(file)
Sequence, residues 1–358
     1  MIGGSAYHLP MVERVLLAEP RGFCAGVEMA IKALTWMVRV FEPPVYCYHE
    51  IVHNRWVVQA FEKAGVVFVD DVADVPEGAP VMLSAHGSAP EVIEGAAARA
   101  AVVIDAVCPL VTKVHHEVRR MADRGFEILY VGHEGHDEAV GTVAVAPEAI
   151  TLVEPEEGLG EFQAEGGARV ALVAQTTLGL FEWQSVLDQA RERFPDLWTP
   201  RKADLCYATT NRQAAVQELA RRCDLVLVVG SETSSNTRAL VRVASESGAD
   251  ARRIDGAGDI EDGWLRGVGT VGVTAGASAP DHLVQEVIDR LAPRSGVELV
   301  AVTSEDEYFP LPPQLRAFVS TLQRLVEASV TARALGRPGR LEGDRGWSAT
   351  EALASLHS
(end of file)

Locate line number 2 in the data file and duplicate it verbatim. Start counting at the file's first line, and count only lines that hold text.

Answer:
     1  MIGGSAYHLP MVERVLLAEP RGFCAGVEMA IKALTWMVRV FEPPVYCYHE